“Well, that’s age-appropriate behavior, I guess,” she says, then points to one of the boys who springs up with the thunder. “Go. To. Sleep.”
We haven’t done anything like this before. I want to sit next to her. I think maybe we can hold hands while keeping vigil over the ten boys in the cabin. The silhouette of another boy shoots up. “This is like an opium den,” I say, and place my hand on her shoulder, but she shirks it off.
It’s odd to me that after all our fights, silences, and moments where we feel like strangers, Sara and I are still trying to figure out the nuances of each other’s characters. At my most loving, I can see her at seventy, bent spine, skin as withered as a ginger root, deep regrets no longer so heavy, still possibly capable of enjoying my company. But now, I think she is gathering the courage to leave me for good.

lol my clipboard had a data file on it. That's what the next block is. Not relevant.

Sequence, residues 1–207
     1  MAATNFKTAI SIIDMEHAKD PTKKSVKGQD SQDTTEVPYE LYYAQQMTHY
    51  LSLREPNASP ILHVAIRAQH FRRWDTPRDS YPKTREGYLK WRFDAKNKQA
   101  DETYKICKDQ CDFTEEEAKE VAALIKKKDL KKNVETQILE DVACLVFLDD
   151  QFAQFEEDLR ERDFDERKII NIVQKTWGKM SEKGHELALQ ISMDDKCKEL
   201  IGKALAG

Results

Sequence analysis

“Go back and keep an eye on your side,” she says, and I do. I sit in the dark and it’s not unpleasant. Being in the cabin makes me feel close to the storm. The rain sounds like it’s searching for a way inside and heightens the smell of the pine trees and musty wood floorboards. It’s good to breathe such air, to be in strange places during heavy storms from time to time.
Earlier in the day, all of us volunteers arrived at the camp to have lunch with the counselors and kids. An angelic little blonde girl was pushing a doll’s baby carrier around the flagpoles. A bored-looking teenage girl with a green ribbon woven into her braided ponytail was following her. A handful of girls and boys were dancing in a circle around another teenage girl who held a boom-box over her head. Carter was walking up the path at the head of a single file line of our ten boys. He is already as tall as me. A towel was wrapped around his neck but I could see his tan chest and flat, well-defined stomach. He likes to flaunt it when there are girls around. We waved to him, and he said something to the counselor bringing up the back of the pack and then jogged over to us.